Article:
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Scorn interview with Mick Harris: From the Vault


Scorn has been getting a lot of spins at the D.U. desk lately, so itís a good time to clean up an old Scorn interview, and add some detail, from archive zine issue #11 from 1994, below. In the middle of our original published interview, the subject switched to a related band, Painkiller, and thatís broken out and posted on the blog separately.

Scorn is a band from England that has some famous members from the grindcore scene [Mick Harris and Nick Bullen of Napalm Death]. Of course, Scorn is about the farthest thing from that sort of sound one can think of these days. The new album, Evanescence, is a lot different from the bandís previous material [the first two albums are Vae Solis and Colossus], but so are all the other records different. Here the man behind the madness, Mick Harris, has a few things to say.

D.U.: How is everyone taking to the new album?

Harris: Oh, fine. Earache seems to be working a lot hardówell, God, Iíll be honest. They did nothing with Vae Solis; they did nothing with Colossus. Which is a shame, because weíre as happy with those recordings as with the new one. Obviously our new one is gonna be our favorite because itís the last thing we fucking recorded, but they seem to be behind this one. I canít say itís a major successóIím not lookiní for that with Scorn, I donít expect it to beóbut people have finally discovered Scorn and a lot of people think that Evanescence is our first record, yíknow what I mean; they donít know anything about the background of Scorn. But, yeah, things are goiní quite well.

How are you guys gonna pull of the songs live these days?

Itís not a problem, yíknow what I mean. We play to a backing DAT tape, for starters, which is the backbone of Scorn songs. Itís just the backbeats and sequences put down to a backing tape. On top of that, the bass is 100% live, the vocals are 100% live, the guitar is 100% live, and on top of that the loops are live: a lot of extra samples are thrown in on top. Now, on stage, thereís just two people: Nickís on stage and Jimmyís on stageóJimmy Plotkin, who plays guitar for the band. Heís American. Nick shows Super 8 films as visuals, which work really well. Because, basically, where we say ďlive,Ē itís live as much as we can make the music live, but itís not like people runniní around on stage, sort of thing. Itís very still. And Iím behind the board controlling the whole thing and also manipulating the whole sound in general, and then adding a lot of loops and live samples on top of it. So itís a decision we came to, obviously.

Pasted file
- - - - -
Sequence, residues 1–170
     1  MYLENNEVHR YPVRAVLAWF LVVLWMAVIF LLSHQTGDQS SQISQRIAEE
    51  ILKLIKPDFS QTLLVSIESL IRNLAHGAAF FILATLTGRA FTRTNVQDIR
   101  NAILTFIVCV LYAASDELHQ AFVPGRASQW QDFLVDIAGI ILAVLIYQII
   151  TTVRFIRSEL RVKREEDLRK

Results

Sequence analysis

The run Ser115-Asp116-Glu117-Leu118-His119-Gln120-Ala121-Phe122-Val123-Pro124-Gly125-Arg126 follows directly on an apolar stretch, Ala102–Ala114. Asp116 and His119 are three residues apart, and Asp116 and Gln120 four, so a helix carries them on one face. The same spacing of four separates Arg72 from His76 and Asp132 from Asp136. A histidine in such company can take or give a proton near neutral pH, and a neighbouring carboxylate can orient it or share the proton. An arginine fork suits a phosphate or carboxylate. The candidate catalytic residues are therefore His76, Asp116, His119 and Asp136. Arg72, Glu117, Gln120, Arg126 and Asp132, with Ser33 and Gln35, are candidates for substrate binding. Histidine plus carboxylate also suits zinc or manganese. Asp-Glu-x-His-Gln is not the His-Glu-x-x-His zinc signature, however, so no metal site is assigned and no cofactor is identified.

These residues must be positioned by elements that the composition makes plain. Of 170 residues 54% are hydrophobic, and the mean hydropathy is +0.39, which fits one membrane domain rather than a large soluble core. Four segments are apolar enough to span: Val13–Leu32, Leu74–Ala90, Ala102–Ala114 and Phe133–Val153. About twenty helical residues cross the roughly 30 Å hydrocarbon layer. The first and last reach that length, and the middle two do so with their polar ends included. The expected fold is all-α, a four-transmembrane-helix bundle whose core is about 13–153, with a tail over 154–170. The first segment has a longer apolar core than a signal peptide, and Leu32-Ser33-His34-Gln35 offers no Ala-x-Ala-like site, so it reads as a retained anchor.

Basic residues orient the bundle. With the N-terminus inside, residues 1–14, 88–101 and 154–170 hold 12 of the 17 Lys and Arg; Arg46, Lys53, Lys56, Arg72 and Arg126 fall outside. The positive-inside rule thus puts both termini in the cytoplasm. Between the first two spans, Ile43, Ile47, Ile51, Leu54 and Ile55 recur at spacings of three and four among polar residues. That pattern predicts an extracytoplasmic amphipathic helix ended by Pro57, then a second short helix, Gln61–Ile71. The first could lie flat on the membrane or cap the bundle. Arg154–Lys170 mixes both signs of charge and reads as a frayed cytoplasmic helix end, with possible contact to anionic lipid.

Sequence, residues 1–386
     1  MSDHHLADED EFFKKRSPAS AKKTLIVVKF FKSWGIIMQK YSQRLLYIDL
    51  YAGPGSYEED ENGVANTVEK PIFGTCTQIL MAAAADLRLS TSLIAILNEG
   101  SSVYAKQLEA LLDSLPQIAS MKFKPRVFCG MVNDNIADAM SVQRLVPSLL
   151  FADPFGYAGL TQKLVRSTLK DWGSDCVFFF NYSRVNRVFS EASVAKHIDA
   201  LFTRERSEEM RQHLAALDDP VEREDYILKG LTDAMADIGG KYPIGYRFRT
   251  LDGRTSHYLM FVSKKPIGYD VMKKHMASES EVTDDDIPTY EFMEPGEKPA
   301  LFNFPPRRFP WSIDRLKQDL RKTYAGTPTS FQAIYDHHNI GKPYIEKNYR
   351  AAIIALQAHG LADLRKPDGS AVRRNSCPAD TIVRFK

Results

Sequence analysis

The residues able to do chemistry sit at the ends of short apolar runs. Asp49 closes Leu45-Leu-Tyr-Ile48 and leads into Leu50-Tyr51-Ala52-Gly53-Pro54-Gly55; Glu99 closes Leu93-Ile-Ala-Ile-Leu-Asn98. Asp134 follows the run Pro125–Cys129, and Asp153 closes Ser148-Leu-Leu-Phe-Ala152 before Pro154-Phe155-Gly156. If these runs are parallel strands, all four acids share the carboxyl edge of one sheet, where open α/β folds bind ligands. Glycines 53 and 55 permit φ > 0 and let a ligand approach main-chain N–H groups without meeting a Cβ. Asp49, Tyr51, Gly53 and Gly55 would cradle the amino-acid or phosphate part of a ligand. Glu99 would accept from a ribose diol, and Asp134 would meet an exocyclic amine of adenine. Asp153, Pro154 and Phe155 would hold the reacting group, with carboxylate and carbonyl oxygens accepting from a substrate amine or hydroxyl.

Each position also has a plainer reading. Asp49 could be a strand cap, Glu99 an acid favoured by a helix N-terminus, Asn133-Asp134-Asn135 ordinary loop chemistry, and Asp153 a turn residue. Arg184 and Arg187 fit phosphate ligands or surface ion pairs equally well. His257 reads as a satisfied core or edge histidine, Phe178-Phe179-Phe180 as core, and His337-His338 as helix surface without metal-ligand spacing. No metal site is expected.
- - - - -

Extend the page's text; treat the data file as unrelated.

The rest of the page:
See, I used to play drums in Scorn. We just had a meeting between me and Nick, and I said, ďLook, I just wanta be in control of the sound. I canít trust sound engineers anymore with our sound, and as far as Iím concerned, itís as important as what the playing is for us to feed off each other.Ē So we put it to the test and it works perfect. Itís just a perfect show for us, I mean, the sound and the visuals.



Whatever happened with [former live guitarist] Pat McCahan, anyway?

Yeah, we tried Pat, a friend of mine, and it just didnít work. Patís style was just too rigid, it was too straightforward. Pat likes to play straightforward chords in a more rock orientated style, and we just wanted a more loose, psychedelic-sounding guitar. So thatís why Nick ended up playing guitar on Colossus. I was sort of half-happy with what we were getting guitar-wise on that LP, so I approached Jimmy for this record. We just let Jimmy improvise in the studio. We just ran the tapes, and it fuckiní turned out perfect.

So what do you want people to get out of Scorn? Is it just for them to enjoy it, or is there something more than that?

Just enjoy it, yíknow what I mean. Scorn is just something, for me, that people can listen to and get a lot out of. Itís something people can move their bodies to if they want to. You can dance to it because the grooves are there. I dunno; for me, I get 100% pure pleasure from it, whether itís listening or dancing.

Thereís no messages within anything Scorn has got to say. Itís purely music from our hearts and what we feel for, and I think thatís essential. Itís probíly why thereís so much shit music around nowadays, because people donít think of it that way. Theyíre just straight out there to make a dollar, and thatís what most people are concerned about. I think music over the years has gotten worse. I donít know whether itís because Iíve got old or ... I dunno. I just analyze music a lot more. I donít think weíre doiní anything fuckiní more special than anybody else; I just feel and I know that weíre doiní it because we believe in it. Thereís no other reason before that. I think thatís positive.
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